How Long Can This Bull Charge Along?

 In Strategy Updates

While we continue to prosper from this bull market in equities, it is important to consider the longevity of a continued rise in stocks prices. There is one thing we know for certain: stock prices do not trend upward forever. We also know that when equity prices trend downward, it usually happens when most investors least expect it and does so quickly and dramatically. It is in this spirit that we thought we would share some insight on the age and health of this bull market and where the opportunities and risks may be as we look towards 2019.

Bull Market Longevity

Most investors believe that the bull market is the longest in history. As you know, we view it differently. Our research suggests that the bull market which began in 2009 ended in 2015-16 when markets declined 20% not once, but twice, and the global economy suffered through a mild corporate profit recession. When viewed from our perspective, we are approaching the fourth year of the bull market that began in mid-2016. In terms of the average bull market life cycle, this one would be considered middle aged (over the past 50 years bull market cycles have averaged 7 years). This bull market is not as vigorous as its younger self (2016-17), which is to be expected, but recent economic and corporate profitability data suggest steady growth going forward.

In terms of return, this bull market has delivered returns of over 60% for investors since its inception.  While one might think “that’s all that’s left,” we remind you that bull markets often deliver returns in excess of 100% during their lifecycle – another sign that there may be more upside in our future.

During the late stages of economic cycles, growth is often trending sideways or less vigorously. Today we continue to experience better than expected economic and corporate profit growth. During the second quarter 66% of companies beat earnings estimates. Think of the global economy as a giant cargo ship – once it has momentum it takes time to slow it down or bring it to a halt.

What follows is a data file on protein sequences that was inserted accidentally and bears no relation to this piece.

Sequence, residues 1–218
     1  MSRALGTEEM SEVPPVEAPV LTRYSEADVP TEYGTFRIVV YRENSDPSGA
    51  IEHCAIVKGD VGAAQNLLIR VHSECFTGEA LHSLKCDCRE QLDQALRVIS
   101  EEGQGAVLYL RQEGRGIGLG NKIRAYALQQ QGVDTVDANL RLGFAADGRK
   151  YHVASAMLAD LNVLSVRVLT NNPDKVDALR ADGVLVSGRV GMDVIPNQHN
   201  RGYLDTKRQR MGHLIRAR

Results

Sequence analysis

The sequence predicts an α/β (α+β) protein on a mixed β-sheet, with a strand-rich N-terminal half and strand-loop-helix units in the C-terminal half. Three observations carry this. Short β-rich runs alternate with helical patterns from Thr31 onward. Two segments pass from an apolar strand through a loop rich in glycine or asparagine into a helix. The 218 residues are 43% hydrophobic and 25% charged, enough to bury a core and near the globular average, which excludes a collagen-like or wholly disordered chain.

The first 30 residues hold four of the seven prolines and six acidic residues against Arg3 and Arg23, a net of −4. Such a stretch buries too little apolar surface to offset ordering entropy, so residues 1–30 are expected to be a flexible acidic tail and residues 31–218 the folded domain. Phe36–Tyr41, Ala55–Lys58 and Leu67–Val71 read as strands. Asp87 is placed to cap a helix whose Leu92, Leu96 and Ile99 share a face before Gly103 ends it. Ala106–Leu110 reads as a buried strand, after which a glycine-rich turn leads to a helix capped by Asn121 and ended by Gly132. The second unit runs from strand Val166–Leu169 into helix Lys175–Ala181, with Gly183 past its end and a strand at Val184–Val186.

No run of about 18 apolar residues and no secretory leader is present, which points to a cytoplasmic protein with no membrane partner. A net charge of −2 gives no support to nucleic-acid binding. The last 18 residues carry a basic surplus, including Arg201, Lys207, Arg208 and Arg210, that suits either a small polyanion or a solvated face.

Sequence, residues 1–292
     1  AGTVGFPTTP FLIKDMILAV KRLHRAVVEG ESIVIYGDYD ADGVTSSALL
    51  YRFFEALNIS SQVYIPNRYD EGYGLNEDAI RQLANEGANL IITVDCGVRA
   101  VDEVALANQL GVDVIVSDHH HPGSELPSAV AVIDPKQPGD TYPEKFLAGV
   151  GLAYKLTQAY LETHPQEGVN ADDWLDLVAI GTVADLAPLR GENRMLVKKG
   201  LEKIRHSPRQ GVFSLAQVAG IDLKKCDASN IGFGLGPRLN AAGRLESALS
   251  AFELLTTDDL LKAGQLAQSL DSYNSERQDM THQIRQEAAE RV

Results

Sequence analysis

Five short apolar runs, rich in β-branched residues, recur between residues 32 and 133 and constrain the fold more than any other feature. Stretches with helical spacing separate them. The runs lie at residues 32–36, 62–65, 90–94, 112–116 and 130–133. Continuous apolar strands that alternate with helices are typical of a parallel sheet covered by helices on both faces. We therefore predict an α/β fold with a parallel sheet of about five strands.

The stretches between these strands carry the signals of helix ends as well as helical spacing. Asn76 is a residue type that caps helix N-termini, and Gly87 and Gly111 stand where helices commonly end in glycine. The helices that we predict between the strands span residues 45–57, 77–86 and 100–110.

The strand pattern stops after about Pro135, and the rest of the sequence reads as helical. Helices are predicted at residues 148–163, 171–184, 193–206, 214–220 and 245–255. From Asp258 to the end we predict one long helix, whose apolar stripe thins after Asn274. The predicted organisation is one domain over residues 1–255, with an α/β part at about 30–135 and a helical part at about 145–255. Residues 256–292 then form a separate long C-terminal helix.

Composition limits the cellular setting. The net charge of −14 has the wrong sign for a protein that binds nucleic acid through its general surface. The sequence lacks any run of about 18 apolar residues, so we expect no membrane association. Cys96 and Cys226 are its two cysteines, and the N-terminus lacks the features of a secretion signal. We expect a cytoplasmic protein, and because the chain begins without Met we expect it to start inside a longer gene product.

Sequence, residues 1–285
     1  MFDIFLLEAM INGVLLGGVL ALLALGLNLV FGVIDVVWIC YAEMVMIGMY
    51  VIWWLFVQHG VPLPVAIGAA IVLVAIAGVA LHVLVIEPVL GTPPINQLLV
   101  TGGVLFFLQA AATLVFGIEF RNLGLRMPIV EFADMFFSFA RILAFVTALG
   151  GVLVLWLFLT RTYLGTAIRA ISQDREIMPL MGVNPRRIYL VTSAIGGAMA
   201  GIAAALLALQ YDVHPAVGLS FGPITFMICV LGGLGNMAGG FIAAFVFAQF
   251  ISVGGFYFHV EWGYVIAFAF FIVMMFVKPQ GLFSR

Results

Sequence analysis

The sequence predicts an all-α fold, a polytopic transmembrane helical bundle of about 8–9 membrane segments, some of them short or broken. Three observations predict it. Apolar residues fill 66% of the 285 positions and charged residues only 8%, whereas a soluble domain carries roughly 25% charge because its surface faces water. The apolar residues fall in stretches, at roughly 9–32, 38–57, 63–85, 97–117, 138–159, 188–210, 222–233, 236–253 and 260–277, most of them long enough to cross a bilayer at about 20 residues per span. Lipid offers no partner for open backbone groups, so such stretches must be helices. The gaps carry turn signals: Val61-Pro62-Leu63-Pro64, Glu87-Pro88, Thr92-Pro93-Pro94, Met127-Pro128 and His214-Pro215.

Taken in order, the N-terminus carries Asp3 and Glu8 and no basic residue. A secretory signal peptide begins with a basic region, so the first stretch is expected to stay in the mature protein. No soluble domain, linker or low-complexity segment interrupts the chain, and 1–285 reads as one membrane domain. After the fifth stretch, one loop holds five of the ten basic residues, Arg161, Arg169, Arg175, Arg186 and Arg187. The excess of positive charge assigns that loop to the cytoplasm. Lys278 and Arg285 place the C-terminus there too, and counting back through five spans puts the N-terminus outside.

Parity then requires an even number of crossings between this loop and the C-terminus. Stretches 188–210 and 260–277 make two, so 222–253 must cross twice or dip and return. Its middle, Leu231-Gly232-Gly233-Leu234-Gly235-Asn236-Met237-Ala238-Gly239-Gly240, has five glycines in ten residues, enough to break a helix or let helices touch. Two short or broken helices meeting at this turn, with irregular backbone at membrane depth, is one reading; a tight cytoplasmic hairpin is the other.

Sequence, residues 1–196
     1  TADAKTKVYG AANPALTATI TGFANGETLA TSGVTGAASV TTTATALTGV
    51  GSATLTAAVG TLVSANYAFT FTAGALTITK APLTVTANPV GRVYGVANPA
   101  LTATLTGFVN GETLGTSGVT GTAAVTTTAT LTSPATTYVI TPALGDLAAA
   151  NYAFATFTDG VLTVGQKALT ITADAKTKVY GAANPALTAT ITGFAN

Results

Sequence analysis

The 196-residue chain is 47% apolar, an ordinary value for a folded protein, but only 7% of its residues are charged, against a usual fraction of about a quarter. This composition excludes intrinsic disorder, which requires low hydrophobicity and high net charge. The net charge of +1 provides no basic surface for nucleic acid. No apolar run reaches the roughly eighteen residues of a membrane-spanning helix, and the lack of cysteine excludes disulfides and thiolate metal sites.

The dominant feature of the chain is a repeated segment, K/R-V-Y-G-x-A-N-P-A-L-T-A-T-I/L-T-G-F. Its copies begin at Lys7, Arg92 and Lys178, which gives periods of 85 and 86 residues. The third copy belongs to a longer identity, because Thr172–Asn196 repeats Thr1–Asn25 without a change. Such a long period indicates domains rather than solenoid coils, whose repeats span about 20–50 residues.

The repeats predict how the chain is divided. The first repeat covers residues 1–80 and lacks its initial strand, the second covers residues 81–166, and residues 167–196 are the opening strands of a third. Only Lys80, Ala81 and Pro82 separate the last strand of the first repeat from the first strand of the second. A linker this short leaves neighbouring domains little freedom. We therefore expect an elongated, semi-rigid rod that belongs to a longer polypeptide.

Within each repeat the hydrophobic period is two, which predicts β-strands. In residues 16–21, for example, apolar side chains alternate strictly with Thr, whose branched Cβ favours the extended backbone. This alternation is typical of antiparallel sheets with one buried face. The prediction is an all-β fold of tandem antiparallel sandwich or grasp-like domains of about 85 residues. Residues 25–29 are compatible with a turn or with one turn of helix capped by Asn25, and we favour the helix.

Lastly, bull markets usually “meet their maker” when price earnings ratios (P/E ratios) are excessive and have risen beyond the underlying growth of the companies or indexes they represent. Currently markets trade at a P/E ratio of 17.5 – not what we would consider overvalued or typical of the onset of a major market decline.

Opportunities and Pitfalls – A Bull with Different Stripes

Though this bull market may not be close to its end, we do believe that it will change over the next few quarters and investors should be prepared. Over the past year some of the best market performance has been in technology, financial, industrial and material sectors. This leadership has already begun to fade and may be superseded by sectors such as consumer staples and healthcare, which include some of our favorite companies that deliver consistent growth.

Similar to the changes in sector leadership, we also see changes in our global exposure in the future.  We continue to believe that investing globally will add more value than a domestic-only strategy.  However, as recent and significant declines in Argentina, Turkey and China show us, investors need to be agile in their international exposure.

Though we continue to be optimistic in our view of the global economy and bull market currently, we recognize a few things: 1) There will be corrections of 8-10% along the way (maybe we are overdue for one?) 2) Something could occur to de-rail the healthy fundamentals and our outlook. In terms of this last point we always remind ourselves that we are dealing with the known, and the unknowable. Therefore, we will continue to use our Active Risk Management process to fend off the possibility of catastrophic decline. As you know, this is a process of managing your allocation to stocks, your sector exposure and the use of carefully placed stop loss orders on those companies that are economically sensitive or have significant business risks.

All of us here on the team hope you enjoyed your summer. If you have any questions about your portfolio or have experienced any significant changes in your finances please let us know.

Thank you for your continued confidence in our work. If you have any friends or colleagues who you feel may benefit from our services, we would be happy to introduce ourselves to them with a no-obligation introductory meeting.

Your Team at Main Street Research